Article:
Economic activity in the manufacturing sector expanded in May for the 22nd consecutive month, and the overall economy grew for the 24th straight month, according to the most recent Manufacturing ISM Report on Business.
Bradley J. Holcomb, CPSM, C.P.M.
The PMI (Purchasing Managers Index) registered 53.5 percent, a decrease of 6.9 percentage points when compared to last month’s reading of 60.4 percent. A reading above 50 percent indicates that the manufacturing economy is generally expanding; below 50 percent indicates that it is generally contracting. A PMI in excess of 52.5 percent, over a period of time, generally indicates an expansion of the overall economy.
Bradley J. Holcomb, CPSM, C.P.M., chair of the ISM Manufacturing Business Survey Committee, recently spoke with Industrial Distribution about the data in the report, what it means to those in the manufacturing industry, and whether the decreasing growth should raise concern among manufacturers.
ID: It looks like the growth was a little bit slower this month. Is this an indication of an overall lessening of the recovery, or should we be expecting a ‘peaks and valleys’ type situation?
BH: 53.5 as a PMI is clearly off 6.9 points, but it’s still in the growth category, it’s just growing slower. The things that are primarily impacting the PMI are the softening of growth in new orders and production, which are both off around 10 points. But we have to keep in mind that in January, Feb, March, April, all of these important primary metrics were in the 60s, which is really strong. Companies are taking their foot off the accelerator a bit for the month of May. There’s a little bit of a cautionary note, and a little bit of a wait and see. Maybe they’ve overextended in some of these categories in the early part of the year, but nevertheless growth is continuing for 22 consecutive months. Another really bright spot—and there are a couple—employment at 58.2, which it’s off 4.5 points, it’s still a very strong number and close to the 12 month average of 59.5. There is continuing optimism there. Customer inventories—the indicator is too low, at 39.5 and that’s good because there is still room for re-stocking, in terms of finished goods for our customers.
Prices are continuing to increase, but at a considerably slower rate. In other words, at 76.5, it’s off 9 percentage points from last month, and I’m sure everyone is hopeful that that trend will continue. If there’s one thing throughout this whole mix that people are referring to is continuing cost pressures in raw materials, energy components, transportation… virtually every material purchased. But there is a little bit of softening with the increases. We list commodities up in price, and this month there are several new entries. It’s pretty broad-based, but hopefully there is a little bit of a sign that things are easing.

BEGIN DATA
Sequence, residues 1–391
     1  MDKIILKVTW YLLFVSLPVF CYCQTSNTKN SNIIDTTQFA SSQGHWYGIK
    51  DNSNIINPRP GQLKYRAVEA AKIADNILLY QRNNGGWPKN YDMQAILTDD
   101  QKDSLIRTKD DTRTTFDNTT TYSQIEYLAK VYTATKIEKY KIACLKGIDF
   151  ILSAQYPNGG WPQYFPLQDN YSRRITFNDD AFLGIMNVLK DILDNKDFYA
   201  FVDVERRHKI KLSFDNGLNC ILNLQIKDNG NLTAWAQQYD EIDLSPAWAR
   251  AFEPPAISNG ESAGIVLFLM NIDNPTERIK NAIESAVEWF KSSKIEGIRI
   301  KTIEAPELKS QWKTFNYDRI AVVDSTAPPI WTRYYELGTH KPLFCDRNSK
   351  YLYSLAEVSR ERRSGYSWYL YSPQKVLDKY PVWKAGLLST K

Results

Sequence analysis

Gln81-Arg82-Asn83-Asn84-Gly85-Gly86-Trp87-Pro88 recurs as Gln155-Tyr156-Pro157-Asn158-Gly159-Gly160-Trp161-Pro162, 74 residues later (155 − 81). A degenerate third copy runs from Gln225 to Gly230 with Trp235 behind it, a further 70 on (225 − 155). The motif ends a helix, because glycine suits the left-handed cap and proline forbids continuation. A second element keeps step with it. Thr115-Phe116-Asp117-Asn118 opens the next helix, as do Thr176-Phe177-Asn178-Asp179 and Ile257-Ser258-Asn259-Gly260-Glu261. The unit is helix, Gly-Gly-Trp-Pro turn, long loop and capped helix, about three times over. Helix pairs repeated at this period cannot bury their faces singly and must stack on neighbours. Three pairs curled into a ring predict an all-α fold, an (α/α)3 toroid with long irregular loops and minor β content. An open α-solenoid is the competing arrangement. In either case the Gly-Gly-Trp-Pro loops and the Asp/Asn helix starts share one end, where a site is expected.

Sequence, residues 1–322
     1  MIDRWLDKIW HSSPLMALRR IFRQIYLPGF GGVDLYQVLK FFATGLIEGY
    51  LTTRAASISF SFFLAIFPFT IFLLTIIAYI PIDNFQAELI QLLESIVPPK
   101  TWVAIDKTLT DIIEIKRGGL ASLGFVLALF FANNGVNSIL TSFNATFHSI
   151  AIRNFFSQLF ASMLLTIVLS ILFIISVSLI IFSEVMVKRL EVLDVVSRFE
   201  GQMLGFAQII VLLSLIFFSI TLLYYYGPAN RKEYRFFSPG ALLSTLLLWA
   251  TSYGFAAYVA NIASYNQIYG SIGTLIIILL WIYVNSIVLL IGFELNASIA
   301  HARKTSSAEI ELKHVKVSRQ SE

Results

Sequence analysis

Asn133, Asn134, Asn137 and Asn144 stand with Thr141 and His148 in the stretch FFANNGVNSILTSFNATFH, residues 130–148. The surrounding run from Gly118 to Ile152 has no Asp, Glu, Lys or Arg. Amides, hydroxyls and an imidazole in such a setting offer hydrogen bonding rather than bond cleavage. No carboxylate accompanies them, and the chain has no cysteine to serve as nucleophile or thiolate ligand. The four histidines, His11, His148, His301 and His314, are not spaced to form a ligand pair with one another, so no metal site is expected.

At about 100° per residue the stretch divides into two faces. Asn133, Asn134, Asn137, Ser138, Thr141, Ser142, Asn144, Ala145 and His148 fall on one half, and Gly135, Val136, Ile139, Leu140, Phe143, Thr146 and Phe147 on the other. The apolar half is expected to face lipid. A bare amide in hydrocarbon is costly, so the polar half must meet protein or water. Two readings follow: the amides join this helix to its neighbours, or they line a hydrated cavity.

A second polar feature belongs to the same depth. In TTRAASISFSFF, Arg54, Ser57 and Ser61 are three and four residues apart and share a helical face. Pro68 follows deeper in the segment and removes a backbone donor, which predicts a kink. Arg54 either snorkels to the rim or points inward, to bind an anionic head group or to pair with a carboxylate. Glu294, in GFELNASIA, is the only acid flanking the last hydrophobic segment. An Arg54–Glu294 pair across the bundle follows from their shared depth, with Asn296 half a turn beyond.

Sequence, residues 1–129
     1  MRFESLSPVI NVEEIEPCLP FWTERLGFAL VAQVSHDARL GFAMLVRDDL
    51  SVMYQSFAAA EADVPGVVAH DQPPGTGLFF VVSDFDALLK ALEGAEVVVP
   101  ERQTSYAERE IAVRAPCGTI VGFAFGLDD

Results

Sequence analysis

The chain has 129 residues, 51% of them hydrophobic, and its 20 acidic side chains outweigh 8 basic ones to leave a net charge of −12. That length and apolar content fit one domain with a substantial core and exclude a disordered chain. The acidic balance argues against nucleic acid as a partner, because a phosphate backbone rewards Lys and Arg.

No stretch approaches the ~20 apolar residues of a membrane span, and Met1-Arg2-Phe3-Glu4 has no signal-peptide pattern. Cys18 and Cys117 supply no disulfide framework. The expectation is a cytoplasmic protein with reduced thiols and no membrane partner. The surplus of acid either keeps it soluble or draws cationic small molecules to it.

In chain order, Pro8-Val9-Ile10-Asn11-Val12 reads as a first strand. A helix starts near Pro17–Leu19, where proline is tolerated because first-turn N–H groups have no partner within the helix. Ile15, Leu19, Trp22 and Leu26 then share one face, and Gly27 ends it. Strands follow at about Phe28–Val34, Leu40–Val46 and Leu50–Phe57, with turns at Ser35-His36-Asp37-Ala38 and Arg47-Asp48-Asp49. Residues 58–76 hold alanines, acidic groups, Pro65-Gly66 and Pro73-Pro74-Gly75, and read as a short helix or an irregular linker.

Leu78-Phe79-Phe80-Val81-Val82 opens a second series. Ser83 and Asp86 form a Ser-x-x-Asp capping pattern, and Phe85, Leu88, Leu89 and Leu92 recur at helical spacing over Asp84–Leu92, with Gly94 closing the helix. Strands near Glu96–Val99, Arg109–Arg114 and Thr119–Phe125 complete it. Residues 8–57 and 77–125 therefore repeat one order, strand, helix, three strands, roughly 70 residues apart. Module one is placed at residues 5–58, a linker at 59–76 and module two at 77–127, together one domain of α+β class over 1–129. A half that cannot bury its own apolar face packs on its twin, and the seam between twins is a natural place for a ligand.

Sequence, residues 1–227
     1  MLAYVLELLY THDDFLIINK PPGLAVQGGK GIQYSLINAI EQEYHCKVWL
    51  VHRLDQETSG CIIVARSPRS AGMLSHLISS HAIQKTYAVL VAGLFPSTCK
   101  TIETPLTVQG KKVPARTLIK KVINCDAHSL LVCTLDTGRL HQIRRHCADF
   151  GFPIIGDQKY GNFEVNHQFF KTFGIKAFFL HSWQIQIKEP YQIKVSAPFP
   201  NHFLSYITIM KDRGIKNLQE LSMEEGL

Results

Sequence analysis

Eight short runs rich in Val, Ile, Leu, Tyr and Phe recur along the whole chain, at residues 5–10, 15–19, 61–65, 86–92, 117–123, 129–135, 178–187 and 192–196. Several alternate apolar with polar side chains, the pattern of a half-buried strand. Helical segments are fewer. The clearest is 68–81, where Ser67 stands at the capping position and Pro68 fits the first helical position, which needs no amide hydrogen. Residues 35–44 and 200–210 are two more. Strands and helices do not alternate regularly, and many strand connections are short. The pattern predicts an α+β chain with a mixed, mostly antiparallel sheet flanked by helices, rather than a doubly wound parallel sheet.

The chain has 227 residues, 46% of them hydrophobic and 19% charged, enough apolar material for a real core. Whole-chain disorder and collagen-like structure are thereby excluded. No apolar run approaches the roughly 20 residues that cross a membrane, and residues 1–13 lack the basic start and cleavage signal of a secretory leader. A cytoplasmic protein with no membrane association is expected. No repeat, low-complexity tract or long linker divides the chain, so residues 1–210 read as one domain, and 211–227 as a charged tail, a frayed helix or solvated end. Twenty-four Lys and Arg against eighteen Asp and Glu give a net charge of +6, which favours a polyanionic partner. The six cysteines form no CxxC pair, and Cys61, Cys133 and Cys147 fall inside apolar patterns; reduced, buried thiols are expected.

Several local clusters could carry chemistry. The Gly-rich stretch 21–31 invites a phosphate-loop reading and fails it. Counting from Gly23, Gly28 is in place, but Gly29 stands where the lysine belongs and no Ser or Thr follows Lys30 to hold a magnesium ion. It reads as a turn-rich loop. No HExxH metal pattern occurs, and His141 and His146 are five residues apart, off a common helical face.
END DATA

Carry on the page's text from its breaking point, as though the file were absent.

ID: In terms of some of that softening of production, is that still related to any of the natural disasters overseas slowing down the supply chain?
BH: It’s interesting because we’ve scanned through all of the comments in the transportation area and what people are saying is, ‘yes, there has been an impact from the situation in Japan, but it’s not as widespread or extended as originally thought.’ They’re finding ways to work around it for the most part, according to our respondents.
ID: And for those manufacturers with a global footprint, how is some of the foreign inflation affecting them?
BH: If we look at our exports and imports, we can impute some of those things. Exports are down a little bit—7 points. It’s been very strong at 55, it’s down 7 points, but it’s just below the 12 months average of 57.7. So we have continuing strength there where it’s still growing, but growing a little bit slower. We’re having some impact, but it’s really too early to tell. On the imports side, there was a modest decline of 1 percent from last month at 54.5. There are fairly consistent measures there.
ID: Are there any other major takeaways for manufacturers and distributors?
BH: I guess our overall sentiment here is continuing growth and cautious optimism, going forward over the next few months. We’re seeing some declines in these metrics for the first time this year, but it’s only one data point. Let’s not get ahead of ourselves; let’s wait until next month before we read too much into this.
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